There's an oft-quoted phrase of Rick Warren's: "There's no such thing as Christian music, only Christian words." It's become a catchphrase, and in the context in which he brings this up in the book, I don't disagree. There is no single style of music that can be called 'Christian'. Some like hymns, some like psalms, some like 1980s worship music, some like 1990s Vineyard music, some like Taizé music... all can be used to worship God. To suggest that we can only worship God by singing Psalms, or - at the other extreme - that we should reject all music written before the 21st century as out-of-date - is unbalanced. God loves variety, and has created people with huge diversity of musical tastes and talents. So by all means, let's worship him in many ways: with all styles of music, and in other ways. Warren's point about worship being a lifestyle is also valid, of course.
But... 'Only Christian words'. What does he mean by that? The implication is that if a song contains Christian concepts, then it's a Christian song and can be used for worshipping God. If it doesn't, then it can't.
Is that the case? Many would disagree. Amongst the songs to be found in most current Christian songbooks, there are some which are clearly worshipful, some which state theology rather than expressing any kind of worship, and some which are trite in the extreme. Merely because a song mentions God, and is written by a Christian, does not mean it's going to be worshipful. I think of Adrian Plass's fictional diaries... someone wrote out the most appalling pseudo-Christian doggerel and insisted God had given them the song. Plass's wry comment was that God was probably glad to get rid of it. Is God worshipped by 'vain repetition' of religious phrases? Or, indeed, by the heavy and rather severe theology of some of the old hymns?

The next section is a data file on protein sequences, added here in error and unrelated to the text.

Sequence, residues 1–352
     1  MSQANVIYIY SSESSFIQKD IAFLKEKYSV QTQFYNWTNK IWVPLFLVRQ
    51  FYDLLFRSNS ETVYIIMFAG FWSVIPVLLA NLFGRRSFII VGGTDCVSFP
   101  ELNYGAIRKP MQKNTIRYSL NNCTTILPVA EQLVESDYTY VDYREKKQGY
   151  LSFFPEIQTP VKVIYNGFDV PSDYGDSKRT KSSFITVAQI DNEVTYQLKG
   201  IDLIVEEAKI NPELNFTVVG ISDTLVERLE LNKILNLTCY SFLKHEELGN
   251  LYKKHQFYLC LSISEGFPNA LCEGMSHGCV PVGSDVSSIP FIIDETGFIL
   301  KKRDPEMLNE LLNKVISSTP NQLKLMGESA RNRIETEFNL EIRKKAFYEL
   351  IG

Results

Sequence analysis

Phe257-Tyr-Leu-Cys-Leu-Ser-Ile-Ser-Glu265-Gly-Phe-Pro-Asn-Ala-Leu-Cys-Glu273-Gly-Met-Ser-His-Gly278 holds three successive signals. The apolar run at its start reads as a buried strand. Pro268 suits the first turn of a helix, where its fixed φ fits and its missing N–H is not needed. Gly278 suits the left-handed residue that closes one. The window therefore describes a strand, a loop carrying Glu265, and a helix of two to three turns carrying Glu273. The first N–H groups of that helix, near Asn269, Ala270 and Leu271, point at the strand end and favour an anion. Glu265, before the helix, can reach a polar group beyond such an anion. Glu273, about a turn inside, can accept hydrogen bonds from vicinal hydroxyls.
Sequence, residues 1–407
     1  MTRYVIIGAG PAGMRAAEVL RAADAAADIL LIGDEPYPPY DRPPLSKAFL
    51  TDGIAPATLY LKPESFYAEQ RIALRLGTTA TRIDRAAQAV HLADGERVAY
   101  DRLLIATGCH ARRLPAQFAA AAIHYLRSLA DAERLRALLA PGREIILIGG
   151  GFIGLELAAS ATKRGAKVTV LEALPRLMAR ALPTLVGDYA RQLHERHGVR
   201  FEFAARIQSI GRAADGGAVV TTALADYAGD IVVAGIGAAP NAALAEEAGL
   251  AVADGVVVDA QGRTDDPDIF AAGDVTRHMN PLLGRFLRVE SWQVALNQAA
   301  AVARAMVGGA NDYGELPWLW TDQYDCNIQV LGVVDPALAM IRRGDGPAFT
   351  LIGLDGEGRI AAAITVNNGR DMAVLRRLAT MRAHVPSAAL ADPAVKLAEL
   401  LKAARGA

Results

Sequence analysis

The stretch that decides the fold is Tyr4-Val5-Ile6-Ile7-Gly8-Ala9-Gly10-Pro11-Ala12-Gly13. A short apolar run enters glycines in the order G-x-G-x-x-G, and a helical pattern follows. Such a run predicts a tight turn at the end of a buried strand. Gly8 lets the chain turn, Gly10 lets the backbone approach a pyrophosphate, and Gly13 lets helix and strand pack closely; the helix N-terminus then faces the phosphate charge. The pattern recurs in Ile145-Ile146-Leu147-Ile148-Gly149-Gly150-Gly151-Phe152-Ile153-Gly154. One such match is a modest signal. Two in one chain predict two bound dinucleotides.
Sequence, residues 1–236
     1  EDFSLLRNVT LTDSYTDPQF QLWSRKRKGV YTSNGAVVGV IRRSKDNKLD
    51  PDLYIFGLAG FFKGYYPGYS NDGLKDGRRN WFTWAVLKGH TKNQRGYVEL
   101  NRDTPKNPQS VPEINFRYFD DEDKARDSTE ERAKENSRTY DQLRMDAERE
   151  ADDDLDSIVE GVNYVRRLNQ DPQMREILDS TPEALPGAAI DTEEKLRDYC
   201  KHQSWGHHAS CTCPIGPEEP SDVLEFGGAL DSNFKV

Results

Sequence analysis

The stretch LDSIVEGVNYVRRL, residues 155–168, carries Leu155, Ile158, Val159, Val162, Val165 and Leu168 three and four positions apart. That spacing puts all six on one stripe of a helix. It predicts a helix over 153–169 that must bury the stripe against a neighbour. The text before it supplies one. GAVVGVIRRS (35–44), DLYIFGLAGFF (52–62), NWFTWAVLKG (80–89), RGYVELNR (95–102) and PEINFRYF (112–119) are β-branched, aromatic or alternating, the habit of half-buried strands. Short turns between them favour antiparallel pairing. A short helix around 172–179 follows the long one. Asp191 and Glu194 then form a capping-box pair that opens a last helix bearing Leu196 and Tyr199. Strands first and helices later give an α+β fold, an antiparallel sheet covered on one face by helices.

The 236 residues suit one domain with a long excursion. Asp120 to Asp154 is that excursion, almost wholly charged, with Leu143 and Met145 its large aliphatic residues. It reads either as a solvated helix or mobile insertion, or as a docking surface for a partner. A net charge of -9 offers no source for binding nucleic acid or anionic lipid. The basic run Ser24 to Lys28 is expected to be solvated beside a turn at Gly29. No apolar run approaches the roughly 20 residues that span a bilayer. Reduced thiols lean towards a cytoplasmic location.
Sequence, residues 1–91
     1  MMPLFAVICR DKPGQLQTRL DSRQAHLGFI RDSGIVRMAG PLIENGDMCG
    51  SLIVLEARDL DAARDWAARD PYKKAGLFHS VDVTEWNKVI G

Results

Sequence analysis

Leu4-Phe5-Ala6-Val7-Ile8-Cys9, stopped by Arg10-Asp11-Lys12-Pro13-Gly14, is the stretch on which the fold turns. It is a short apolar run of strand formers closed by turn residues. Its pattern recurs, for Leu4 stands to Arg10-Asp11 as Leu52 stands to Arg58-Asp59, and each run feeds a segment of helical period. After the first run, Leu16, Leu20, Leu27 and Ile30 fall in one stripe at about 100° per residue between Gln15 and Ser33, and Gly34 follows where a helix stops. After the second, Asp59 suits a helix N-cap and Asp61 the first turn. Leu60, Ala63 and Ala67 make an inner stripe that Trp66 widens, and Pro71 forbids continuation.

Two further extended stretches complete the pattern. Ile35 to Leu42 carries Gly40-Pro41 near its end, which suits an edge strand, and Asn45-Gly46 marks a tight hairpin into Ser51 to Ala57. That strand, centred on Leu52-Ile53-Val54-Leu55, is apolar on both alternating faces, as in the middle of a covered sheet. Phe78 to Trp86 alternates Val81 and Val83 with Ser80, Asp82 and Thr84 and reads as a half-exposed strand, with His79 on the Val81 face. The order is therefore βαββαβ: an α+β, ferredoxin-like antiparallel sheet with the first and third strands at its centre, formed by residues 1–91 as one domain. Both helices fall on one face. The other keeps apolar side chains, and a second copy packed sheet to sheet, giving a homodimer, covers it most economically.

I don't say that he can't be. God enjoys our worship however it's expressed, and I'm sure that even the tritest (or heaviest) of songs can be song with a reverential and worshipful heart. But they can also be sung by people who think they're dreadful, or boring. When I was a teenager, visiting a rather dull church, I noticed the word 'assuage' in a hymn we were singing, and spotted that it's an anagram of 'sausage'. I tried in vain to suppress the giggles, which ensured my rendition was far from worshipful.
Then there's the other side: music without words can undoubtedly be worshipful. A musician playing a clarinet, or a trumpet, cannot sing the words at the same time, but can certainly give worship while playing, either alone or as part of a church service. If worship is showing God's worth (as the word means) and expressing our love, then the words as such are almost irrelevant. What matters is our heart and our attitude.